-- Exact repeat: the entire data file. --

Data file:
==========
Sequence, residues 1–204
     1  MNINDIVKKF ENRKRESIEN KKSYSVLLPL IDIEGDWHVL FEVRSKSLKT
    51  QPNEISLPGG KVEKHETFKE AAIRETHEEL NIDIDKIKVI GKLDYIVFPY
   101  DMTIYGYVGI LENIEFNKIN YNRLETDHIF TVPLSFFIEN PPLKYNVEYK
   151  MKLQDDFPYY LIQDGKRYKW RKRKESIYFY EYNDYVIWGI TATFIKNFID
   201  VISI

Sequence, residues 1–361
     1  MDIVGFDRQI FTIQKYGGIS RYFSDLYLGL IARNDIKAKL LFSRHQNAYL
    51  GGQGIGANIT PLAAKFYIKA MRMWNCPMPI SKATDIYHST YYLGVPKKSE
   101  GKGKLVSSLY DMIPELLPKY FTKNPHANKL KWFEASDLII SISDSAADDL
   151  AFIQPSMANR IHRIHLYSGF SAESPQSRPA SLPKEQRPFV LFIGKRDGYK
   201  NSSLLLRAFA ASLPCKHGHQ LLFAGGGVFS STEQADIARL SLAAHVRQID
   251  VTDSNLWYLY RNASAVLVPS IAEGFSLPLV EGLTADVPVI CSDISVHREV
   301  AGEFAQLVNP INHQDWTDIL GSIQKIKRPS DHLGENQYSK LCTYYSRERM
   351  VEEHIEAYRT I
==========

Sequence, residues 1–204
     1  MNINDIVKKF ENRKRESIEN KKSYSVLLPL IDIEGDWHVL FEVRSKSLKT
    51  QPNEISLPGG KVEKHETFKE AAIRETHEEL NIDIDKIKVI GKLDYIVFPY
   101  DMTIYGYVGI LENIEFNKIN YNRLETDHIF TVPLSFFIEN PPLKYNVEYK
   151  MKLQDDFPYY LIQDGKRYKW RKRKESIYFY EYNDYVIWGI TATFIKNFID
   201  VISI

Sequence, residues 1–361
     1  MDIVGFDRQI FTIQKYGGIS RYFSDLYLGL IARNDIKAKL LFSRHQNAYL
    51  GGQGIGANIT PLAAKFYIKA MRMWNCPMPI SKATDIYHST YYLGVPKKSE
   101  GKGKLVSSLY DMIPELLPKY FTKNPHANKL KWFEASDLII SISDSAADDL
   151  AFIQPSMANR IHRIHLYSGF SAESPQSRPA SLPKEQRPFV LFIGKRDGYK
   201  NSSLLLRAFA ASLPCKHGHQ LLFAGGGVFS STEQADIARL SLAAHVRQID
   251  VTDSNLWYLY RNASAVLVPS IAEGFSLPLV EGLTADVPVI CSDISVHREV
   301  AGEFAQLVNP INHQDWTDIL GSIQKIKRPS DHLGENQYSK LCTYYSRERM
   351  VEEHIEAYRT I